According to a study at the University of Illinois, Kentucky tobacco farmers adopted that same logic when the tobacco companies announced the buyout – also known as the Tobacco Transition Act of 2004 that ended a 66-year-old federal farm program.
However, the immediate drop in productivity was followed by startling changes. Over the 10-year period of the study, the number of farms declined from just over 40,000 farms to just over 8,500 farms – but productivity increased by 44 percent.
"The quota system limited the amount of tobacco that could be grown," U of I agricultural economist Barrett Kirwan said. "By reducing the supply, farmers were guaranteed their price but it also guaranteed that less productive farms would keep producing because they'd see a price that was higher than what they should have been getting. As soon as that was removed, the less productive farms couldn't survive. There was a massive reallocation and massive shift of production to more productive farms. Those farms weren't realizing their full production potential."
After the buyout, the total acreage farming tobacco in Kentucky declined, but the remaining acres became more productive. They began producing more tobacco per acre on fewer acres. The acreage also relocated to the western part of the state where the soil is more suitable.
"The farmers who stayed began growing specialty tobacco used for cigars or chewing tobacco," Kirwan said. "The niche markets for tobacco haven't been hit as hard as the main cigarette market so without the quota system, restrictions were lifted. Farmers no longer had to grow only burley tobacco; they could diversify in chewing tobacco or cigar tobacco, which are specialty, higher-value tobaccos."
The study found that the most productive farmers were also the most diversified with crops other than just tobacco.
"They didn't have a decline in productivity leading up to the buyout," Kirwan said. "Their tobacco production did not decline, and after the buyout their tobacco productivity rose dramatically and so did their acreage. Their acreage more than doubled."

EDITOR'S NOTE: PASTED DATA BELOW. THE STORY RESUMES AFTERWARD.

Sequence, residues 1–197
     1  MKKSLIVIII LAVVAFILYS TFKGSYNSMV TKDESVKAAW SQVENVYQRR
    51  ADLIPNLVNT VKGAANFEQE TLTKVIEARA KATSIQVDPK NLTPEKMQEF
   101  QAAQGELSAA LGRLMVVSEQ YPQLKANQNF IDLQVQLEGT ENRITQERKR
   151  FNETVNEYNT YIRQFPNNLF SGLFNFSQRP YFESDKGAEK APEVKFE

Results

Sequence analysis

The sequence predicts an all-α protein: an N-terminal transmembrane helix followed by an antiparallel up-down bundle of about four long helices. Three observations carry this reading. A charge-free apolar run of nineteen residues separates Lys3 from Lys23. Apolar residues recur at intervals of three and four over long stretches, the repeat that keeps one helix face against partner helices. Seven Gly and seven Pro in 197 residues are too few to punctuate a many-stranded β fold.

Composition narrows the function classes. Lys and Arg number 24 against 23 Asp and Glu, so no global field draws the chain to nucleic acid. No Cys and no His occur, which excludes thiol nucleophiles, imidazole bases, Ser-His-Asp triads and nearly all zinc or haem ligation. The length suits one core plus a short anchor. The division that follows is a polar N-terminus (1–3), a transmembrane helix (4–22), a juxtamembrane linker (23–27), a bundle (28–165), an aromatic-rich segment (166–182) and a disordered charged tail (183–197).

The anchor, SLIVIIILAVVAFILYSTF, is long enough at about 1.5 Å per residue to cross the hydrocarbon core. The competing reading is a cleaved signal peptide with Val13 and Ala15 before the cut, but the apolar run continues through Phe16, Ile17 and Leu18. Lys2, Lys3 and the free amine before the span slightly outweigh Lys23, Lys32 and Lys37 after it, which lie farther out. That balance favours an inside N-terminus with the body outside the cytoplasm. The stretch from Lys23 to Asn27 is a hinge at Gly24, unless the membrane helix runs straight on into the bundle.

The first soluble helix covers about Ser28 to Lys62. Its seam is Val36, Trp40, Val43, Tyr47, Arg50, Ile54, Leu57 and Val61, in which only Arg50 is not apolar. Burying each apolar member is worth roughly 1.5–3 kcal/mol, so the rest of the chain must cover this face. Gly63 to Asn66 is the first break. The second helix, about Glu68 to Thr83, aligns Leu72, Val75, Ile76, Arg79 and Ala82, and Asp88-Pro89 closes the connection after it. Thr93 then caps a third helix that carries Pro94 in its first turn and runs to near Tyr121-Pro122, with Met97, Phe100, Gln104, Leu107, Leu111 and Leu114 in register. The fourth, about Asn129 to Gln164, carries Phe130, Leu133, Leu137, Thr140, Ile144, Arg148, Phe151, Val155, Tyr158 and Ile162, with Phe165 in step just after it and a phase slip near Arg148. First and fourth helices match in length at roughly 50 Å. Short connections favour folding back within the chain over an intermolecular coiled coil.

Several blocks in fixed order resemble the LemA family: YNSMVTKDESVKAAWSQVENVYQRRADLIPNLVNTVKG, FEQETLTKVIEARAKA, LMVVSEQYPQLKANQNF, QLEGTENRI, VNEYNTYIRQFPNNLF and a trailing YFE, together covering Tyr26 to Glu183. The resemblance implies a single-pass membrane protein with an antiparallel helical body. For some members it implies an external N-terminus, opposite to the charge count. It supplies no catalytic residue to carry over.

According to Kirwan, the diversified farms already had equipment, such as drying barns to cure the tobacco. After the quotas were lifted, they could capture the economies of scale.
"A drying barn is the same size whether you're drying a little tobacco or a lot of tobacco, so lifting the quantities allowed them to actually fill the drying barn and become much more efficient," Kirwan said. "Because they already had the invested capital, it became much more profitable for them to stay in tobacco and get bigger than it would have been to switch to a different crop."
Farmers were also able to save due to input reallocations, such as being able to shift fertilizer and electricity and workers.
"You get this double kick from removing the quota," Kirwan said. "When the quota was removed, it allowed resources to move, giving an 8.3 percent increase, but the removal of the quota itself gave 22 percent. That's a total of a 30 percent increase just by removing this regulation."
Kirwan said the findings from the study can be analogous to other commodity programs.
"In agriculture, there have been these types of farm programs for about 80 years and there is some variance, but this was one of the few times that we could see an absolute end to a program with no hope of coming back.
"Other programs may not be as binding as the tobacco program with quota limits, but when we're distorting the market price with subsidies or we're distorting a farmer's production choices by saying, 'If you grow vegetables, then you no longer get subsidies for your corn,' then we're distorting their productivity," Kirwan said.
He noted that the study focused on productivity, not equity. So although the farms were much more productive, it did put many small farmers out of business. He said the findings could help guide policy makers who are deciding whether or not to change quota or subsidy programs.